... Upon hearing they're finally getting a lesbian neighbor. A source at Granada (the TV production company, not the Andalusian province; they already have lesbians in Spain) has told the News of the World that writers of the popular British soap will introduce a lesbian character at some point in the (presumably near) future, explaining, " 'Corrie' lags behind on issues of race and gender. Executives want to create a soap which is representative of society in 2008 and they are acutely aware they need more gay characters."
Which: duh. "Coronation Street" has been on the air for approximately five hundred thousand years, and this will be its first lesbian character. To put this in some kind of historical context, lesbians have existed in England since at least 1965, when Mrs. Peel first appeared on "The Avengers" and the sight of Diana Rigg in a leather catsuit turned thousands of schoolgirls across the UK gay overnight. That means "Corrie" writers have been ignoring us for decades, which is more than a little ludicrous when you consider that lesbians have been stealthily infiltrating seemingly ordinary streets in seemingly ordinary towns in Great Britain and the United States for many years now, ever since Elton John and Billie Jean King reorganized the Velvet Mafia and unveiled a newer, more aggressive gay agenda around the time "Philadelphia Freedom" hit the charts in 1975.
Anyway, here's hoping the "Coronation Street" lesbian, whoever she ends up being, is treated with a little more respect than America's token lesbian soap opera character, Bianca Montgomery of "All My Children," has been shown. Bianca -- and correct me if I'm wrong about this, because I'll take a Douglas Sirk melodrama over a standard TV soap any day of the week -- fell in love with a corporate spy, was raped by a family enemy (who later became her brother-in-law), became pregnant from the rape, had the baby in the middle of some kind of disaster, was told her baby died, eventually found out the baby was alive and had been switched at birth, and then annoyed viewers by falling for a male-to-female transgendered character whose name was Mork or Alf or Nerf or something stupid like that.
In between all of that, Bianca killed her rapist and lapsed into a coma for some reason or another; eventually she woke up and headed off to Europe, the better to oversee the international goings-on of her family's cosmetics empire. (You might call Bianca Montgomery the ultimate lipstick lesbian.) It all sounds pretty fucking moronic, doesn't it? Yet I have to admit that back in 1999 or 2000, whenever it was that Bianca's coming-out storyline was first announced, I tuned into "All My Children" just to see how they'd handle it.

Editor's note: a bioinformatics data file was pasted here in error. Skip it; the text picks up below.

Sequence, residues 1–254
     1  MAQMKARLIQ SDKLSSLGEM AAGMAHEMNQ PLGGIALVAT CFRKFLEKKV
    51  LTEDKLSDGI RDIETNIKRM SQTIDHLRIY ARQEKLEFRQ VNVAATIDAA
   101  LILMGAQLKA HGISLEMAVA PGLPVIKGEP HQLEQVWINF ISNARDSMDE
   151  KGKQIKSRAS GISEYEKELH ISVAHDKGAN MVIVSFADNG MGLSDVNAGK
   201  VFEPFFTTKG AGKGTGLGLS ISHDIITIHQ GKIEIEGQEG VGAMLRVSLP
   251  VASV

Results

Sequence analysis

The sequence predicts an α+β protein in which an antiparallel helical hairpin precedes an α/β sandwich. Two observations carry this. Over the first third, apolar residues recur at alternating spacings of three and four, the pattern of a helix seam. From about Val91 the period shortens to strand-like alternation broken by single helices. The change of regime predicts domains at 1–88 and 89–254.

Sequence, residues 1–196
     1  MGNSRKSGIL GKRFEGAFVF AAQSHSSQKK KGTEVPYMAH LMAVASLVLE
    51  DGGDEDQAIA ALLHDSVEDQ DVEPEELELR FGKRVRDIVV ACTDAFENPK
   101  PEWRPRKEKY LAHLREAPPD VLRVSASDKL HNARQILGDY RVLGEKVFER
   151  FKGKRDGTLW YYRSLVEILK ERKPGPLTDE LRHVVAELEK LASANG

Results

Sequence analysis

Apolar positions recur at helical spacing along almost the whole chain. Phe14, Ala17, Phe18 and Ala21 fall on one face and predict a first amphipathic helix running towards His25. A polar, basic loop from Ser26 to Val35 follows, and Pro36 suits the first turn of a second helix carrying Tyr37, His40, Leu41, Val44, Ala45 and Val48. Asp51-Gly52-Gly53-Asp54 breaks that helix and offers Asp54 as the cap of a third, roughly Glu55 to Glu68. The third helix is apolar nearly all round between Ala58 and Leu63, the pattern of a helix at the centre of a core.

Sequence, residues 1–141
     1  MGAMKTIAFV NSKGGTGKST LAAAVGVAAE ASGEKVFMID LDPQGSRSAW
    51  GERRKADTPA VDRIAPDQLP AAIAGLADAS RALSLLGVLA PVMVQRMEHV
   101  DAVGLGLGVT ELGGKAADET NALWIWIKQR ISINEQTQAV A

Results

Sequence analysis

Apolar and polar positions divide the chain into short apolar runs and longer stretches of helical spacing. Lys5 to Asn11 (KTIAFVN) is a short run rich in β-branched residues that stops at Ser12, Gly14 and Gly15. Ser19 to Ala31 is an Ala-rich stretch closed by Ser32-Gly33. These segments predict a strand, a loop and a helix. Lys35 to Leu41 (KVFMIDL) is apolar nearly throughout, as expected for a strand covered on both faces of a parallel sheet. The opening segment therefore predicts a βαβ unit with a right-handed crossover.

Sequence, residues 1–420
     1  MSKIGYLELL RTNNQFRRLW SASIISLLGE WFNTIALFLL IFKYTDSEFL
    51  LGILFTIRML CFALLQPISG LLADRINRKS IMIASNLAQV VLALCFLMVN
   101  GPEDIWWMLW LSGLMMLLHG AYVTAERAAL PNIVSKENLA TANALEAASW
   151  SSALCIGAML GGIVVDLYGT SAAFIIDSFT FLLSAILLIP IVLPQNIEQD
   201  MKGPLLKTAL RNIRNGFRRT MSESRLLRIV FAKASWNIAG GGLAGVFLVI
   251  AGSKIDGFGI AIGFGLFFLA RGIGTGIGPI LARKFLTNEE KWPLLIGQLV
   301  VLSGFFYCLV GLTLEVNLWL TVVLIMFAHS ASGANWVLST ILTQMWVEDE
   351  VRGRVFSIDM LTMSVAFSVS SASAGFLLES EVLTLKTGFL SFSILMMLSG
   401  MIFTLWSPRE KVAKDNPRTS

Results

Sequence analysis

It seemed like it took Bianca, who was a teenager at the time, months to come out, but once she did the hilarity factor went through the roof. Every conversation she had with her mother, the legendary Erica Kane, included a half-dozen mentions of Bianca's sexuality. The words "gay" and "lesbian" always came after long, dramatic soap opera pauses, so a scene might play out like this:
Erica: I, I don't want to talk about ... this.Then there would be a commercial break, after which the action would continue:
Bianca: What, Mom? What don't you want to talk about what? That I'm ... gay?
Erica: I don't know what you're talking about. This has nothing to do with your being... Your being...Then there'd be another commercial break, before the conversation would resume with more of the same:
Bianca: What, Mom? Why can't you just say it? Gay. My being gay.
Erica: Oh, that word. That word --It was hilarious. Cheesy soap music would play in the background and Susan Lucci would do a "Love Me, Emmy Voters!" flinch every time she heard the words "gay" or "lesbian." One or both characters were often on the verge of tears during these heated exchanges, and then ABC would cut to laundry detergent commercials with happy-bouncy music and sunny images of toddlers and golden retrievers before diving right back into a Straight Mom/Gay Daughter throw-down.
Bianca: What word, Mom? Gay?
It made me want to spice up my own interactions with my mom by getting similarly defensive about my orientation. Every time she'd ask whether I'd done my homework or unloaded the dishwasher, I imagined turning to face her, fists clenched defiantly, my chin quivering with emotion and my eyes filled with glycerine tears as I raised my voice to demand, "Is this because I'm a lesbian?" (It was like stepping into the Twilight Zone years later when I learned of this now-infamous "Law & Order" clip. My "Is this because I'm a lesbian?" would have been so much better than that one.)
By the way, in a perfect world, this post would end with a link to video of the old SNL sketch "All My Luggage," which starred Susan Lucci. Alas, NBC Universal are bastards -- or bastard people, as Corky St. Clair would call them -- and I couldn't find the clip online anywhere.